Thursday, January 15, 2015
Regulation will be more important than the Fed Funds rate in 2015.
The other day, I was thinking about the shape of the distribution of rate expectations, and how different shapes would have different implications for the yield curve. The short version - a bifurcated expectation would pull the entire yield curve down below the median expected forward rates. A normal distribution in which the lower tail hit the zero lower bound would push the yield curve above the median expected forward rates. The slope of the yield curve in the near term suggests bifurcation, but the long end of the curve suggests normal distribution.
Thinking about it some more, and watching recent movements, I think the most realistic interpretation is that expectations have a negative skew, with the negative end of rate expectations hitting the zero lower bound (ZLB) across the entire curve. So, above ZLB, the mode expectation is above the market rate, the median expectation is below the market rate, and the mean expectation is (approximately) the market rate. Normally, a negative skew would push the mean below the median, but the ZLB truncates the distribution. So, both of my explanations were part of the answer.
(Caution. I know I'm spit-balling here. I'm not trying to get published in an academic model or to change anyone's mind who isn't interested in my analysis. I'm just trying to get a grasp on the world in real time. I'm very interested in comments regarding mistakes I might be making here, or basic improvements I could make to the thought experiment. But, I know that there is a lot of speculation here, and a lot of arguable priors are informing this work. If you are more than 2 steps away from me here in agreement, or if my priors bother you, then there may not be much for us to discuss.)
Rate Movements in 2015-2016
If rates do rise, I think we can expect a 50-75 basis point move, per quarter after they begin to rise. This is an interesting situation. I suspect that in the industrial economy, natural interest rates are already rising above ZLB. They aren't binding. What is acting as a governor on market interest rates and NGDP growth is the limit on mortgage credit. This is not related to interest rates. Interest rates and the level of monthly mortgage payments for new home buyers are not the constraint on housing markets right now. This leaves trillions of dollars of savings looking for an outlet, and the industrial economy simply can't utilize all the capital.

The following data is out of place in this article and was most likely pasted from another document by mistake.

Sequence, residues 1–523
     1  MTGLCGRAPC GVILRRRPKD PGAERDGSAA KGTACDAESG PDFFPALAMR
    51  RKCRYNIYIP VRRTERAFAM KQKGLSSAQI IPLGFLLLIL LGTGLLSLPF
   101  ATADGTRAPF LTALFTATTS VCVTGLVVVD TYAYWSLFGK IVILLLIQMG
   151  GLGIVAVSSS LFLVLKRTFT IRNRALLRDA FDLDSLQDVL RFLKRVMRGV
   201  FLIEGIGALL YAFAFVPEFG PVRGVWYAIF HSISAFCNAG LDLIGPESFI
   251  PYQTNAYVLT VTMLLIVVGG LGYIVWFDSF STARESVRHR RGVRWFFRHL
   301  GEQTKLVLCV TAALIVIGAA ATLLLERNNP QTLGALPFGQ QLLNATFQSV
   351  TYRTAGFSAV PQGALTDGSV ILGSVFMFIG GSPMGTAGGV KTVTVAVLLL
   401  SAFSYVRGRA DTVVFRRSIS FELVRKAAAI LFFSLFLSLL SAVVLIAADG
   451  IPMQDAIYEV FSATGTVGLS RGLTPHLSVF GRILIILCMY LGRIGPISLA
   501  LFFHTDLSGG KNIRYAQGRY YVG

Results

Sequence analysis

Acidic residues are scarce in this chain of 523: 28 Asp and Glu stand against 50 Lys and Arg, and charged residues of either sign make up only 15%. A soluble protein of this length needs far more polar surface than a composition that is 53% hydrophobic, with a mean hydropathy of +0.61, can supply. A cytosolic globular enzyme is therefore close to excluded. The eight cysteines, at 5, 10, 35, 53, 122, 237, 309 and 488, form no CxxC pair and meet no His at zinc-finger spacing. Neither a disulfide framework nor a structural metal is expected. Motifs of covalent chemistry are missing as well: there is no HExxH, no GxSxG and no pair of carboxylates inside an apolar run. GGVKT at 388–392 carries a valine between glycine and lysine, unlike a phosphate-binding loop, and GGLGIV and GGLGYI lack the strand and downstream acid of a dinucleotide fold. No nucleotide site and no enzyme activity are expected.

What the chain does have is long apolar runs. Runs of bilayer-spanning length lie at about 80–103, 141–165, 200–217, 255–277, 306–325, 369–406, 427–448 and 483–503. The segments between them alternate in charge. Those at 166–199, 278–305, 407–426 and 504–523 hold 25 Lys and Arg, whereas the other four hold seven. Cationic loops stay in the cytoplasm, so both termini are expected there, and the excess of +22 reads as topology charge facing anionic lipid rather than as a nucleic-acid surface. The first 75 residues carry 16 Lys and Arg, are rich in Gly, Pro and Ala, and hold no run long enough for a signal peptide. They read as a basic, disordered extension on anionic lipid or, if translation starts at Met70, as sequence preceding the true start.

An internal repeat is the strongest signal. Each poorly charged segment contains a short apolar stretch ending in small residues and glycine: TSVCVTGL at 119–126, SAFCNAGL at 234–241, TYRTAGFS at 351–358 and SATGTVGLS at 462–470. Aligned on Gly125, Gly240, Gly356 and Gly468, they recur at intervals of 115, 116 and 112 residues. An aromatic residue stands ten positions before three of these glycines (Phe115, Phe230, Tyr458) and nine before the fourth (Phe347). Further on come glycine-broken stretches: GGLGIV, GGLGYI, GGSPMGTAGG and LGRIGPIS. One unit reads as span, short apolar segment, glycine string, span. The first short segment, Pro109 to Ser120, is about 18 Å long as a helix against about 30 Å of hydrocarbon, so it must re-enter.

So, interest rate movements simply may not be that important. Rates could rise to 2% by the end of 2015, and industrial credit will probably just keep churning along. Expansion of industrial credit looks like it is running at the high end of typical potential growth. This will probably continue. Interest rates will have little effect until they reach some higher level where they become the constraint.
In the meantime, regulatory issues in the mortgage market and household real estate leverage levels will determine real growth, real rates, and inflation. If this can loosen, all of those measures will move up. If it doesn't loosen, then I suspect that the main issue will be whether the Fed stops hiking rates before rates become the binding constraint, or if they hike them enough to further hobble the economy.
In other words, we have 2 important factors to watch, in series.
1) Does the mortgage credit market begin to expand again. If it does, it's Party in the USA.
2) If not, then the date of the first rate hike is not as important as the level of the last rate hike. How will we know if it is too high? Industrial credit will start to decelerate. But, that can be a lagging indicator. Likely, the earlier indicator will be a flattening yield curve.
If mortgages can begin expanding at any point before that happens, that will be very bullish. It will mean higher interest rates, increased employment, higher real wages, and healthy equity markets.
From a speculative point of view, as rates begin to rise, uncertainty about rate levels will begin to decline. This will reduce the skew of forward expectations, and the yield curve will steepen. The trick is always in the timing and the details in these types of situations. There will be a window where a position that gains from rising near-term rates is lucrative. But, considering the policy inertia of the Fed and their general stance, I would expect them to overshoot, which would call for reversing the position and then speculating on near-term yield declines.
Really, the same pattern will probably play out even if mortgage markets do recover in the meantime, but we will likely see much more growth and higher interest rates in that scenario before the reversal.